A contrasting siren tone sounds a little different from the short and long tones. Instead of the usual “woo” sounds, a contrasting tone sounds more like “ee-oo-ee-oo”.
Designed to sound less urgent than the others, if you hear this sound, you are still required to quickly assess your surroundings and safely pull over when possible.
How loud is the police siren?
We’ve all been startled by the sudden blast of a police siren. But just how loud is it, to be exact?
An emergency service siren is typically around 110 decibels (dB); however, this range certainly varies and levels have been measured at up to a whopping 120dB.
Typically, the maximum prolonged dB for the human ear is 70dB before it starts to cause real damage. Therefore, as you can expect, the life of a police officer comes with huge demands both physically and mentally.
How do police change the siren?
In the UK, a police officer can change the sirens via a control box located within the vehicle.
Additionally, police officers are also able to control their sirens via the horn. Unlike a regular car, a police car has been cleverly designed with an internal system allowing the police officers to use their horn for controlling their sirens.
This feature allows officers to quickly respond to emergency situations without compromising their attention to the roads.
What does it mean when police use their siren?
Cleverly designed to draw attention from all road users and pedestrians, a police siren indicates an upcoming emergency. A response vehicle will utilise their siren and blue lights when attempting to reach an emergency scene throughout oncoming traffic.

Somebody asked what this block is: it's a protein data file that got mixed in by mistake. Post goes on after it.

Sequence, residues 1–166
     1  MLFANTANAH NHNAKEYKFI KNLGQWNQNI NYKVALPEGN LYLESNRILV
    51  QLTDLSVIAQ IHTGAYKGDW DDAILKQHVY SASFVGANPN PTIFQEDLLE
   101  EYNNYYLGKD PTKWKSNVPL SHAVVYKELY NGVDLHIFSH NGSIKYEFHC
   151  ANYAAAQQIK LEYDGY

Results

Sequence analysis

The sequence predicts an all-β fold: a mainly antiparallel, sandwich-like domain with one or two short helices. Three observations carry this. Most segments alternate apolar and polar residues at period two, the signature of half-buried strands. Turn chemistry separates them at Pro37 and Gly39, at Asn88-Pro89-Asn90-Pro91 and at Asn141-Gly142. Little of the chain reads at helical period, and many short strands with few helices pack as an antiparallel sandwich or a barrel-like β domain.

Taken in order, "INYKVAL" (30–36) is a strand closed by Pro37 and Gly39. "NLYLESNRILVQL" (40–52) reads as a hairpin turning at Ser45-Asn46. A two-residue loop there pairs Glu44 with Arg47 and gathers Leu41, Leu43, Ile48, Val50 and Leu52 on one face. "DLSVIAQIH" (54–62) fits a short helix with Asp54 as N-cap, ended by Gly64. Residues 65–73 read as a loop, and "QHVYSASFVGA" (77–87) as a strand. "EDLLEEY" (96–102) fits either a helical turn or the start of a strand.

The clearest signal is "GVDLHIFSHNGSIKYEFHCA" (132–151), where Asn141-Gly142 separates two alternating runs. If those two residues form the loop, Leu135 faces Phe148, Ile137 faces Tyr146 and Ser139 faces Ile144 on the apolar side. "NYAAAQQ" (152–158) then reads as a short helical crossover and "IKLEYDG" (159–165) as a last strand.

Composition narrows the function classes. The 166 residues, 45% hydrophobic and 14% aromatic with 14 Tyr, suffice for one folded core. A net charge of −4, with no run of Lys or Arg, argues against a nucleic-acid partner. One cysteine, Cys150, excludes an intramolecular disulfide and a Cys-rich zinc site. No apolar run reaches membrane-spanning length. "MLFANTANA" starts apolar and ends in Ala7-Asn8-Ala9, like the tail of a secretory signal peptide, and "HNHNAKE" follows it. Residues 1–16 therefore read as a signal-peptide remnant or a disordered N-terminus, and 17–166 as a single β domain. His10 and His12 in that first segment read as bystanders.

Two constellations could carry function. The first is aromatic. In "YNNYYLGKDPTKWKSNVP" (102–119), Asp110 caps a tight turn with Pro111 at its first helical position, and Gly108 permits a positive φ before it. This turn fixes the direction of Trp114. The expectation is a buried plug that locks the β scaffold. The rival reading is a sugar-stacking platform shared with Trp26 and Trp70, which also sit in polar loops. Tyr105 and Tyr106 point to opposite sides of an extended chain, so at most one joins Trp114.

What should you do when the Police are using their siren?
You’re cruising down the roads, tending to your daily business when suddenly an array of flashing blue lights and the piercing sound of a police siren quickly approaches you.
So, what do you do?
As mentioned, a police siren indicates an upcoming emergency, and it is important that you act quickly and safely to allow the police vehicle space to move.
Drawing immediate attention to your surroundings by use of your car’s mirrors, you should aim to come to a complete stop by way of pulling into the left when it is safe to do so.
The same process applies to road users who are being signalled to stop by an officer, commonly referred to as being “pulled over”.
It is crucial that you remain calm and act safely – it isn’t always possible to stop your vehicle right away so using your own judgement is absolutely essential.
Are police allowed to use sirens at night?
Police officers are allowed to use their sirens during the night; however, officers will use their judgement depending on various factors such as how busy the roads are.
Let’s face it – nobody likes to be awoken from their slumber with sudden loud noises. However, there are circumstances where police officers are required to use their sirens depending on the severity of the emergency.
Officers are advised to use their sirens with caution so as not to disturb the public during the night, so if you find yourself awoken by the sound of sirens, bear in mind that they are only following the rules and most likely attending a serious situation.